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Architecture with purpose and passion

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One locally-based professional has been included in a list of 100 women making a difference in the world. SARA DOUEDARI finds out how she is doing that

Walking into the Nicosia office, the space is immediately inviting, clean and purposeful. Spread over two levels, the environment is a testament to the ethos of Kyriakos Tsolakis Architects. The walls, adorned with project visuals, tell stories of innovation. Among these images is a team that includes Elena Tsolakis and her siblings, Cassandra and Nicodemos.

Elena’s story starts in Australia, her birthplace. Her father, Kyriakos, established the practice in 1973. As a Cypriot immigrant in Australia, he undertook more than 500 architectural projects in Melbourne. The narrative shifted to Cyprus when her family returned in 1993, when Elena was 11 years old.

feature2 resort air which is in the planning stages
Resort air which is in the planning stages

Elena’s quest for knowledge led her to Australia and the UK for her higher education. After completing her studies and working for a number of years, she made the decision to return to Cyprus. “It was about more than continuing my father’s architectural legacy,” she said. “It was about working to enrich our homeland.” Her father’s innovative approach, particularly introducing the timber frame brick veneer construction technique, set a foundation for Elena’s aspirations to build upon.

Elena herself was recently included in the Royal Institute of British Architects 100 Women Architects in Practice, a diverse book of exceptional female architects from around the world. It is a testament to the significant contribution of female architects worldwide, and was officially presented in New York, with events scheduled around the world throughout 2024.

The book speaks of the important contribution women make in the built environment, in an industry which is traditionally dominated by men. It highlights the fundamental role they have in shaping a better built environment which hopefully encourages more women to enter this industry.

“It’s a great honour to be included in this list, I do think it’s important, not just for me but for all architects in Cyprus, male and female, because it recognises work that is being done on our island,” Elena said.

“It‘s important for women architects too because it highlights greater female participation. A better built environment is one which represents society more accurately, and more effectively serves various communities. The designers of the built environment therefore must be a reflection of society and more female representation will only benefit everyone in our country.”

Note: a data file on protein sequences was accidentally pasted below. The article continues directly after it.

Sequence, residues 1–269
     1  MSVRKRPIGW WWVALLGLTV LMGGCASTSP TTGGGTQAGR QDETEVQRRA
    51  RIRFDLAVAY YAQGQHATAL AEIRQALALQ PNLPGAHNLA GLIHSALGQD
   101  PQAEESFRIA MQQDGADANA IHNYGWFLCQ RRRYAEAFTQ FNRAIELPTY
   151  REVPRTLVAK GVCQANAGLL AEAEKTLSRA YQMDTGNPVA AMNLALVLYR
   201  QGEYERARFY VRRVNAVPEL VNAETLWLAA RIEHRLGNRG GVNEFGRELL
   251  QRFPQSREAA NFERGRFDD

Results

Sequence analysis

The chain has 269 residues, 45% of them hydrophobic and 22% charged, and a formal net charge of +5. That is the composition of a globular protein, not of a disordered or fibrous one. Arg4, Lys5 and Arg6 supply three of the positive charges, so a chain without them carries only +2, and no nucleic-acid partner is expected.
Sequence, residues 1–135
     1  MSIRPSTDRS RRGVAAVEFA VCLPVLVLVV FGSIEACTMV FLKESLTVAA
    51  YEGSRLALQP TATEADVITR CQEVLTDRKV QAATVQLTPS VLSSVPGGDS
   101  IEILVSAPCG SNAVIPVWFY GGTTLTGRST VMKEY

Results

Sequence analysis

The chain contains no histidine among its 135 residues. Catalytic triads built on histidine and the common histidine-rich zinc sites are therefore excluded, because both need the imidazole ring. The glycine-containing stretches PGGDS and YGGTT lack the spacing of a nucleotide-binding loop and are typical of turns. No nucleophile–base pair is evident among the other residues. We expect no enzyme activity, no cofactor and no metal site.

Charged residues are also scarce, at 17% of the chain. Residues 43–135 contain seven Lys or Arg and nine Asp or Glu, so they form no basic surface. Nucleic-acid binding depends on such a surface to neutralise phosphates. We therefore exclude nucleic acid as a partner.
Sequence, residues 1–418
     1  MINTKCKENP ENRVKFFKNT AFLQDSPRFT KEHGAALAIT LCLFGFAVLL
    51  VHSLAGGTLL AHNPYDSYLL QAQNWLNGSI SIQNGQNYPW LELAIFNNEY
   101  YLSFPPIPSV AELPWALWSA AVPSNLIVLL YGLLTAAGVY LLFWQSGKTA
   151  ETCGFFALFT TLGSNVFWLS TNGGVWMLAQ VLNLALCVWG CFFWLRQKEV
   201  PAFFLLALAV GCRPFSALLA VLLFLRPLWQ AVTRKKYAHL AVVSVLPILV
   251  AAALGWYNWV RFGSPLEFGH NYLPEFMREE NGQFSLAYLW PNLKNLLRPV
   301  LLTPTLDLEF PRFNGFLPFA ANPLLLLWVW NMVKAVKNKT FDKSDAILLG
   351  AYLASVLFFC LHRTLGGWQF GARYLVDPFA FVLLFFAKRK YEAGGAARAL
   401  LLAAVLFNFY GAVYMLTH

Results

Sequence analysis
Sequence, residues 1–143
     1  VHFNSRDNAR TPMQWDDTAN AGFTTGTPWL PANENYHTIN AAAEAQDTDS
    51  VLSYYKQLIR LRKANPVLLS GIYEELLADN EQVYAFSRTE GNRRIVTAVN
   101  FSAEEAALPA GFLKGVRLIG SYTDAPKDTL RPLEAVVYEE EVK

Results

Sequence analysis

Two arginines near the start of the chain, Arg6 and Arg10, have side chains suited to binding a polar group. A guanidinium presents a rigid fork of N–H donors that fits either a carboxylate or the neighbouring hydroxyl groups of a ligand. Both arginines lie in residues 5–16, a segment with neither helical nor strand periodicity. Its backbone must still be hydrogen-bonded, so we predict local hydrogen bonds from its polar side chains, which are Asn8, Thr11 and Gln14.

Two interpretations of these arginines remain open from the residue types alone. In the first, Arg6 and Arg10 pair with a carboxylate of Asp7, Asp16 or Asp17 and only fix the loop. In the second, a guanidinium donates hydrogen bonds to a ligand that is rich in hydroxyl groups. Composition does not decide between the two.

feature2 the star observatory
The star observatory

Her inclusion is a testament to Elena’s dedication to creating spaces that transcend their physical boundaries to touch the lives of those within. For Elena, architecture is not merely a profession but a passionate pursuit to enrich society through thoughtful and purposeful design. “Architecture is problem-solving,” she said, summarising her profession’s role as a force for good. “The message we are trying to share is that good soulful design makes people healthier and happier and the impact on society at large cannot be underestimated.”

Elena’s most important works focus on public and cultural projects. One of these is the Troodos Observatory, a monument of exemplary architecture that can serve as an attraction in mountainous areas. Tsolakis Architects also undertook the first specially constructed women’s shelter in Cyprus for Spavo, a place that allows abused women to rebuild their lives. Projects such as The Culinary School and the Charisma Wellness Resort in Mykonos are architectural landmarks promoting health, longevity and spiritual wellbeing.

“We are mainly interested in public projects because there the work can reach the greatest number of people,” she said.

In her work, Elena is pragmatic and focused. She views architecture as a tool to create functional spaces that address real-life issues and improve daily living. Practical design choices, such as the placement of windows, reflect her belief that architecture must meet the needs of all users. “Windows are designed to offer a sense of freedom and connection to the outside while ensuring a feeling of safety. It is crucial for the emotional wellbeing of the women and children staying at the Cyprus Women’s shelter,” Elena added.

Each project, for her, is a step towards realising a vision where spaces not only exist but also speak to the hearts of those who inhabit them. Together with her siblings, Elena further extended the family’s architectural influence by establishing a new office in the UK. Looking forward, Elena is enthusiastic about exploring new ways to integrate functionality with innovation. “Our future projects promise to further blend sustainable practices with cutting-edge technology,” she said.

feature2 the riba bookElena Tsolaki’s journey in architecture goes beyond accolades and accomplishments; it is a story of passion and empathy to making a difference through the art of building. Her inclusion in the prestigious RIBA publication is not just a personal milestone but a recognition of the enduring impact of her work on society, marking her as a true visionary in the field of architecture in Cyprus.

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